Melbourne ~ Wednesday July 20, 2011
Burqa rally is about stoking fear not promoting security
by Helen Szoke
A rally calling on Victorians to support a ban on the wearing of burqas has the potential to light a fuse that we might find very hard to extinguish.
Rallies like the one held on Monday – and our willingness to let such opinions drown out the broad range of views that truly exist in our community – unwittingly send a message that reviling difference is OK.
What starts as a genuine expression of a viewpoint by a single person can, when fuelled by hysteria and given oxygen by media coverage, very easily ignite into fear, loathing and in the worst cases, acts of violence. Just look at what happened in Cronulla in 2005.
The purported rationale for the rally is that the burqa poses a threat to security, and to law and order. That's a deft, but unconvincing, effort to conceal a more serious issue.
Clearly, this is all about race. It's about difference, and it's about fear. To put any other face on the intent behind the rally is disingenuous, at best.
Even when cloaked in the guise of concern for security, words and actions that single out particular racial and religious groups in our community exclude and diminish them and create fear.
I am not so naive as to imagine that racism is a thing of the past. Clearly, racist beliefs persist in pockets of society – and they are, I believe, rooted in fear. It's the fear of what is different, of the other, of what isn't familiar, and of what we can't understand. And human fear may, in the end, prove impossible to eradicate.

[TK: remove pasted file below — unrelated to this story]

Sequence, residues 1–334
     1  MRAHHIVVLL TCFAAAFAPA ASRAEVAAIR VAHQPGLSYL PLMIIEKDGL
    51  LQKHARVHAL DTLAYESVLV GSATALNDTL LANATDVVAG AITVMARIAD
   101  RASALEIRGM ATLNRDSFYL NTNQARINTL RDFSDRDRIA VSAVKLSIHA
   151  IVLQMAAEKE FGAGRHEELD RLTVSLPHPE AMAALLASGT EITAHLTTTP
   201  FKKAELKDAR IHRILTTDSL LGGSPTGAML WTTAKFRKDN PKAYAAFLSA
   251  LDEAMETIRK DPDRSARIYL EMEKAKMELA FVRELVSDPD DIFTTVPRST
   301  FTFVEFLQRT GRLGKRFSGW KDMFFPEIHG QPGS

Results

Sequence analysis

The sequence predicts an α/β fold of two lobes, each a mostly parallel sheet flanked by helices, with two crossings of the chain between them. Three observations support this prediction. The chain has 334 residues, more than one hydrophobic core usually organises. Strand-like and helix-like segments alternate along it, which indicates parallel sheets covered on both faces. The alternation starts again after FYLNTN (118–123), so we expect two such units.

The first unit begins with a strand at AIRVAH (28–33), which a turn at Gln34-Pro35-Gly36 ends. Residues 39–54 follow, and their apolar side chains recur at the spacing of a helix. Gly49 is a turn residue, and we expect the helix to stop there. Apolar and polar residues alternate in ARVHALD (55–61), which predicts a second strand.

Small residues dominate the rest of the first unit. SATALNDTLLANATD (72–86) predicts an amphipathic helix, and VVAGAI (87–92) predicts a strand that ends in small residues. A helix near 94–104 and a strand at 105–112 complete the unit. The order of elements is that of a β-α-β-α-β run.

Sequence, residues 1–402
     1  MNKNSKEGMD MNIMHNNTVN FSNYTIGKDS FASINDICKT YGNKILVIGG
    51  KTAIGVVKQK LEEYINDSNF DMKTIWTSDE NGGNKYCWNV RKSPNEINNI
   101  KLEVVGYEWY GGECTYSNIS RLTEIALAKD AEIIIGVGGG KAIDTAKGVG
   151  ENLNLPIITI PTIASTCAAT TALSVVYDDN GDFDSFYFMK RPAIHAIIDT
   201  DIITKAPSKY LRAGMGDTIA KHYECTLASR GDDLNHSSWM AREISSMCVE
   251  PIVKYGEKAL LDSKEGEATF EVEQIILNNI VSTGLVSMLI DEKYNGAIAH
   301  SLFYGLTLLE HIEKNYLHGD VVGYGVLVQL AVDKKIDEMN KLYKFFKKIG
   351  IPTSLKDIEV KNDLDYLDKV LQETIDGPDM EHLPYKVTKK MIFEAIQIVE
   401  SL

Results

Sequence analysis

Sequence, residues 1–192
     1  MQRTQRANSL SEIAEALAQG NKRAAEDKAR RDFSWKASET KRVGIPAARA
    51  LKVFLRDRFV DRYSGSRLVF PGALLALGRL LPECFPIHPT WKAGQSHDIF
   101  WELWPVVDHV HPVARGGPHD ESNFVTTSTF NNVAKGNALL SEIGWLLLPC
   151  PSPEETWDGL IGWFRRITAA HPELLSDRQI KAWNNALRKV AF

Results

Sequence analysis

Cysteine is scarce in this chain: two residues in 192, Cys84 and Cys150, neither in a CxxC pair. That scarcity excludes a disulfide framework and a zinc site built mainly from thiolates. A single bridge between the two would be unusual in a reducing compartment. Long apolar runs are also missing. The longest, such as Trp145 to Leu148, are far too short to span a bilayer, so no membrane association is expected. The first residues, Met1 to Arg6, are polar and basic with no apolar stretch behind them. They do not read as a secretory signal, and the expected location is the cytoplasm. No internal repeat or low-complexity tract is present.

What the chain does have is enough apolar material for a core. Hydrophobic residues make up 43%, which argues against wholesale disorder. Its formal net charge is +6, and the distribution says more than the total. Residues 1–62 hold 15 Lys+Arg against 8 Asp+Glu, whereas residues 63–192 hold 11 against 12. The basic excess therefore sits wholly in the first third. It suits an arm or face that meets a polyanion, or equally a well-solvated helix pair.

But the hateful words and actions that arise from fear can, and should, be doused.
We have come a long way towards combating racism and Victoria enjoys an enviable record of racial acceptance. Now we need to reflect again and, as a diverse and tolerant society, identify racist beliefs and behaviours and declare them intolerable.
This is not about dampening freedom of expression. It is about not tolerating activities that provoke hatred and threaten the rights of individuals and groups to live safely among us.
Victorian laws prohibit vilification and derive directly from our own values: as Victorians, we often publicly declaim the right of everyone to a fair go. We, rightly, declare that we expect respectful behaviour from everyone in the community, from our politicians, to workers and schoolchildren.
I would go one step further. I would say that everyone of us has a right to go about their daily lives in safety, without fear and without violence. And that is under threat.
By not publicly condemning this rally, we open the door to a very small but very real racist element of our society who think they have the right to hate, abuse and even physically assault people because they express their religion through their clothing.
It is terrifying to think that something worn as a mark of religious observance – whether it be a burqa, a yarmulke or a crucifix – has the potential to mark its wearer as a legitimate target of hate or violence.
But without vigilance, that may be where we're headed.
Dr Helen Szoke is commissioner of the Victorian Equal Opportunity and Human Rights Commission.